Open Access Research article

Ethnic and age-related fat free mass loss in older Americans: The Third National Health and Nutrition Examination Survey (NHANES III)

Thomas O Obisesan1*, Muktar H Aliyu2, Vernon Bond3, Richard G Adams4, Abimbola Akomolafe5 and Charles N Rotimi6

Author Affiliations

1 Section of Geriatrics, Department of Medicine, Howard University Hospital, Washington DC, USA

2 Department of Epidemiology, University of Alabama at Birmingham, Birmingham, AL, USA

3 Department of Physical Education, Howard University Washington DC, USA

4 Pulmonary and Critical Care, Department of Internal Medicine, Howard University Hospital, Washington DC, USA

5 Division of Geriatrics, Morehouse School of Medicine, Atlanta, GA, USA

6 National Human Genome Center, Genetic Epidemiology Unit, Department of Microbiology, Howard University, Washington DC, USA

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BMC Public Health 2005, 5:41  doi:10.1186/1471-2458-5-41

Published: 19 April 2005



Although age-related loss of fat free mass (FFM) is well known, there is paucity of data on national estimates, and on the differential influence of ethnicity on the decline in FFM with increasing age. We determined whether age-related loss in FFM and fat free mass index (FFMI) vary by gender and or ethnicity, using representative data from the Third National Health and Nutrition Examination Survey (NHANES III).


Analyses were limited to 5,803 non-institutionalized, non-Hispanic Whites and African Americans (Blacks) over the age of 40 years. Body density was calculated from the sum of 3-skinfolds, and percent body fat estimated from body density. FFM was estimated by subtracting body fat from body weight, while FFMI was defined as FFM (kilograms) divided by the square of body height (meter2).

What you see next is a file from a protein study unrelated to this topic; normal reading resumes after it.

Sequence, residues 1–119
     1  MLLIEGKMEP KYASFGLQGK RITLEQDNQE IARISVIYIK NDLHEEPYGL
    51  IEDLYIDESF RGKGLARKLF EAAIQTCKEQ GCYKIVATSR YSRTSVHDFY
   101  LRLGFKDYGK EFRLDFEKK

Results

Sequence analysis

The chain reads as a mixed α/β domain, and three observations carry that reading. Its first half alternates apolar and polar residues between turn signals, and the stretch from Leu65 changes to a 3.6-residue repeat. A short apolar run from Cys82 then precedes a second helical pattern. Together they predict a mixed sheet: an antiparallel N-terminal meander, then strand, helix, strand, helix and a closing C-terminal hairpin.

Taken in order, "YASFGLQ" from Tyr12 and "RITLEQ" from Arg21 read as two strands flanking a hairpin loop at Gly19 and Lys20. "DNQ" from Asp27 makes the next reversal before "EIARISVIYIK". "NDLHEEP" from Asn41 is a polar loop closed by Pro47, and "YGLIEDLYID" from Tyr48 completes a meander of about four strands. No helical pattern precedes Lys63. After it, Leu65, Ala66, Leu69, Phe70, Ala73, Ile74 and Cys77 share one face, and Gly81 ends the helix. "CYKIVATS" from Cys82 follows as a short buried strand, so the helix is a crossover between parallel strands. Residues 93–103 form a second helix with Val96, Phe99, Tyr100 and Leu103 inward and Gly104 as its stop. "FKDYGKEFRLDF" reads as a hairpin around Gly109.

Overall FFM and FFMI were significantly higher in black women than white women (P = 0.001; P = 0.001 respectively), but similar in black men compared to white men. Age-related decline in FFM reached significance level earlier in black men (at age 65–69) than white men (at age 70–74), and in black women (at age 70–74) than white women (at age 75–79). Similar decline in FFMI was noted in men and in women. In multivariate analyses, FFM significantly associated with ethnicity (p = 0.012) and with age (p < 0.001) in women, but only with age (p < 0.001) in men. In men and in women, FFMI significantly associated with ethnicity (p < 0.001; p = 0.003 respectively) and with age (p < 0.001; p = 0.004 respectively).


Age-related loss and decline in FFM and FFMI in older Americans is higher for black men and women, than for white men and women. The development of focused population-based preventive strategies is likely to improve functional independence in the aged.